Switching off

Is it me or does it suddenly get much harder to read the news when you’re a mum?

Or read a book.

Or watch a film.

And I don’t mean because the small humans prevent us from doing so…

Though that is also an issue.

It’s more that since I’ve had baby girl OC, and even prior to that, when I was pregnant with her, I have suddenly found anything involving small children or babies, or even a mother daughter/father daughter relationship more gut wrenching than ever before.

It all started when we were re-watching all of Game of Thrones. You know how Craster kills off all the babies who are not girls – or rather he leaves them to the White Walkers as a sacrifice so that they leave him be, and he can continue to have sex with his daughters, keeping only the girl babies (for more sexy times) and getting rid of the boy babies who, of course, would be a threat to his nice little set-up. You didn’t know this? Ok, well so you don’t think I’ve finally lost the plot, you can read about this guy here:

http://gameofthrones.wikia.com/wiki/Craster

Anyway, the point is, there are two scenes which involve leaving a crying newborn baby in the cold, snowy and dark forest, all alone. Never has a tiny baby looked so defenceless – so innocent and undeserving of the cruel world into which it’s been born. Never has tv been so upsetting.

Until the scene with Walda Bolton (nee Frey) when she and her newborn baby (the heir to the Bolton empire) are torn to pieces by rabid dogs that evil Ramsey Bolton sets on them.

It’s honestly a great show.

Really.

But that was just the start. That was when I suddenly realised I couldn’t even physically bring myself to watch these scenes (that I’d actually seen before), but that now forced me to walk out the room and try to hold my shit together.

Unfortunately reality doesn’t give me much of a break either. A couple of months ago it was the story of the baby whose life was tragically taken in the pedestrian/car accident in Melbourne. And in the last week we have had to read about the mother who tried to kill her sons in the Murray River. It’s all so heartbreaking.

Honestly, I now can’t go near an article or book if it is going to take about child abuse. I always knew my mum was unable to read or watch anything that had that in the storyline and I always felt she was very sensitive. I understood her feelings, but it didn’t affect me like it did her.

And now I am totally on the same page. It sucks really that I had to become a parent to be able to truly feel a strong adversity to these atrocities, but at the same time it plainly just sucks (understatement of the century) that these things can possibly happen to innocent children. They of all people should be free from such monstrous goings-on. Once you’re a parent, if you weren’t already massively upset about these things you probably will be before long.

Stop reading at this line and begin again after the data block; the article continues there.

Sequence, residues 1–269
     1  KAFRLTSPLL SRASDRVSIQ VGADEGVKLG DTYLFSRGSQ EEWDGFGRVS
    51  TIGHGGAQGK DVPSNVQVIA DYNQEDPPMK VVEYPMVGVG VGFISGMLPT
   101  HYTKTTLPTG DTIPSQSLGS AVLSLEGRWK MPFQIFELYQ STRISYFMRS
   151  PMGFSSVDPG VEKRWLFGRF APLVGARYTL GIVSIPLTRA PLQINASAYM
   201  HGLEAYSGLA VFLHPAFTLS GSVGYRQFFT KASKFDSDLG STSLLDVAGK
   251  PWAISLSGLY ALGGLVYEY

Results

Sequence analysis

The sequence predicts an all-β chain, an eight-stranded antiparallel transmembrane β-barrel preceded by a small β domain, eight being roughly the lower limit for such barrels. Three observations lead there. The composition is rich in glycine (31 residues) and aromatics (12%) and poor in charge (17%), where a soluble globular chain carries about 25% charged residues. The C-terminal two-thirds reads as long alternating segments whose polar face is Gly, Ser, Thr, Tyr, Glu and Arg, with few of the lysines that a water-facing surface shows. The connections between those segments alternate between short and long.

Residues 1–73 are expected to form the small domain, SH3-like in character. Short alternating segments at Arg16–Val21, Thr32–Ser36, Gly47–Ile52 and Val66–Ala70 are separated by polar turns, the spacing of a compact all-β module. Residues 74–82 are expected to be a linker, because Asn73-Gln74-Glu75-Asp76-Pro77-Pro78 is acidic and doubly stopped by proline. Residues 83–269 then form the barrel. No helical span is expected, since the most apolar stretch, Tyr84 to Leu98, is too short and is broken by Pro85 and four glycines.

Last night I was chatting with one of my best mates whose son is 3.5 months older than Little Miss OC, she was saying she was watching a documentary on Dunblane but had had to turn it off. She wouldn’t even tell me what channel it was on. And she was right to do so. We would have both had nightmares if we had watched it.

Which got me to thinking. Surely the worst pain anyone can feel is to be a parent that loses a child? There is no measure of grief. But never has it been so clear to me what it is to love so unconditionally. To feel like a being is an extension of you. To know that what hurts that child hurts you. And if anything were to happen to her that it doesn’t even bear thinking of.

I have a friend who lost her daughter when she was about two years old. It is something for which you cannot really comfort her. Words and actions might show love and support to her and her family… but we have talked about how that grief doesn’t ever go away. It’s been ten years since the little girl passed but this year it affected me more than it has in the past – I felt even more helpless to take away pain for my friend, and I felt so upset in my commemoration of this tiny life lost. I knew it wasn’t about me, but as we let balloons into the sky for her, as is done each year, I couldn’t help but look at my lovely little girl and feel like my heart might explode in just considering what we were for there that day.

And apparently there’s no escaping from the tragedies of the world in a good book. Or at least, not in the ones I’ve recently been reading. We read The Light Between Oceans for Bookclub the month before lost. I’d already read it as a non-mum years ago but my now-mum friend read it and said “It’s not really the easiest read for new mums is it?!” And she’s right. The last month it was Big Little Lies. Now, this book is meant to be quite light-hearted but I still found it hard when Jane’s son Ziggy was crying and saying none of his kindergarten friends would play with him. Urgh. Ok ok. I get it. Kids are the greatest. Can you stop tugging at my heart please? And then this month, well Hannah Kent… you marvelled us all with Burial Rites and so I chose your new book The Good People. Poor unknowing me. It’s only mostly about a little handicapped boy in 1825 in rural Ireland where there was very poor understanding of things like Cerebal Palsy or any such affliction. This book damn near broke me. I shed some tears. It didn’t, in the end, take away from my enjoyment. But I sure felt some strong urges to hide it under my pillow at times.

So, it seems, I’m way too sensitive, and new motherhood has merely put me at further risk. I could be brought to uncontrollable tears and yes I might occasionally be able to blame hormones or sleep deprivation. But the main cause of my newfound inability to cope with anything involving small children coming to any harm is down to that gorgeous little human known as my daughter. And I’m cool with that. Even if I have to stop reading the news and half of the tv shows.

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